POCSO e-Button for Children to File Complaints of Sexual Abuse
An online complaint box for reporting child sexual abuse, the POCSO e-Box was launched Friday by India’s Minister for Women and Child Development, Maneka Sanjay Gandhi, in New Delhi. Protection of Children from Sexual Offences (POCSO) e-Box is an online complaint management system for easy and direct reporting of sexual offences against children and timely action against the offenders under the POCSO Act, 2012.
Speaking on the occasion, Maneka Gandhi said that the idea of an e-Box came out of a police initiative in which physical complaint boxes were placed in schools. The e-Box will make it possible to implement it on a large scale throughout the country.
[ Education Dilemma: Let Us Save the Lives of Our School Children ]
A large number of incidents of abuse are against close relatives and so they get pushed under the carpet, the Minister said. E-Box is very simple to operate and will help maintain the confidentiality of the complaint, Maneka Gandhi explained.
The e-Box is incorporated prominently in the homepage of National Commission for Protection of Child Rights (NCPCR) website where a user has to simply push a button named POSCO e-Box.
This will navigate to a page with a window containing an animation movie. The animation movie reassures the child that whatever has happened to them is not their fault and they need not feel guilty and that NCPCR is a friend which will help them.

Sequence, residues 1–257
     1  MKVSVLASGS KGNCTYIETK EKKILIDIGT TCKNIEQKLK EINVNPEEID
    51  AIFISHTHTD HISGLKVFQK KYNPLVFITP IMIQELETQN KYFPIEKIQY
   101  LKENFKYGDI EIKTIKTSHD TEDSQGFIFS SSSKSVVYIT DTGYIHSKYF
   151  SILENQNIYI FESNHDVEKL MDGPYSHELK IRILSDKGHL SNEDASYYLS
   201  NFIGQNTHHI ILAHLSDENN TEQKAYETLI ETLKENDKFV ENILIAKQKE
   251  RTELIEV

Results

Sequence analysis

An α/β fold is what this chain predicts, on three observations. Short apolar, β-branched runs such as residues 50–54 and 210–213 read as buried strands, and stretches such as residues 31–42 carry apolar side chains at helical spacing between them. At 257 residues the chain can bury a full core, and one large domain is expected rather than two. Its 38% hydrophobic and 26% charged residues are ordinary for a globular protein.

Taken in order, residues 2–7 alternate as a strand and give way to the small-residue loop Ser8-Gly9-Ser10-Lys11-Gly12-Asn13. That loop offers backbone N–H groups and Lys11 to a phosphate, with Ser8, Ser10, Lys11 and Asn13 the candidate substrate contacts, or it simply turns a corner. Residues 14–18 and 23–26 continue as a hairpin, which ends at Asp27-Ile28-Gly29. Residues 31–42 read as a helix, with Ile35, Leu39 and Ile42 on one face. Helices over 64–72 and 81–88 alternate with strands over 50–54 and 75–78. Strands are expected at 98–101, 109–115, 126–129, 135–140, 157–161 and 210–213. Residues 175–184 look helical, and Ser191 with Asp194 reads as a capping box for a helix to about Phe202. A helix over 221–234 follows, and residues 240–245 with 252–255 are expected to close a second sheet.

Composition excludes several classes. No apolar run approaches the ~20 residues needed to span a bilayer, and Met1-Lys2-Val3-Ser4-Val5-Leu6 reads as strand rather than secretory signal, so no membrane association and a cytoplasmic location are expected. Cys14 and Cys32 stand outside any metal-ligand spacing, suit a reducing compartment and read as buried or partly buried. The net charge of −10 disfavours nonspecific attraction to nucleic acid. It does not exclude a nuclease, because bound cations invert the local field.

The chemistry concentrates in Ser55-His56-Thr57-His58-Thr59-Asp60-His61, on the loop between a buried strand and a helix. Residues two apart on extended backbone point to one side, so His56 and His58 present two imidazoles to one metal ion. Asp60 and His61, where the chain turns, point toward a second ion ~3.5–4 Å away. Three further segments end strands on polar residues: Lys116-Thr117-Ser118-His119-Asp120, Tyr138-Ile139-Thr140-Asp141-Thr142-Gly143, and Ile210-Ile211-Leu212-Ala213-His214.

[ Request for Help to Open Free School for Poor Children ]
After the user presses the arrow on this page, it navigates to another page where they have to select at least one picture option (describing the category of harassment) and fill the form with details such as mobile number, e-mail and description of the harassment followed by the ‘submit’ button. The complaint is then registered and a unique auto-generated complaint number is flashed.
Sexual offences against children are rampant but only a small percentage gets reported. According to a study, about 53% of children surveyed, reported having faced one or the other form of sexual abuse in their lifetime.
[ 10 Steps to Save Education in the Schools of Delhi ]
In most cases, the offender is a family member or near relative or an acquaintance. The child victim in such cases generally does not report these offences. Sexual abuse scars the psyche of the affected child for entire life.
A child who is sexually abused has to face very serious consequences such as cognitive impairment, violent and risk behaviour including depression and anxiety. Feeling shame and guilt with poor interpersonal relationship and self esteem are other consequences of sexually abused children.
Being concerned about such offences against children, the Government of India enacted POCSO Act, 2012 to protect them from offences of sexual assault, sexual harassment and pornography.
It aims to safeguard the interest of the child at every stage of the judicial process, by incorporating child friendly mechanisms for reporting, recording of evidence, investigation and speedy trial of offences through designated Special Courts. Any human being up to the age of 18 years is recognised as a child under the POCSO Act.
Photo courtesy: Press Information Bureau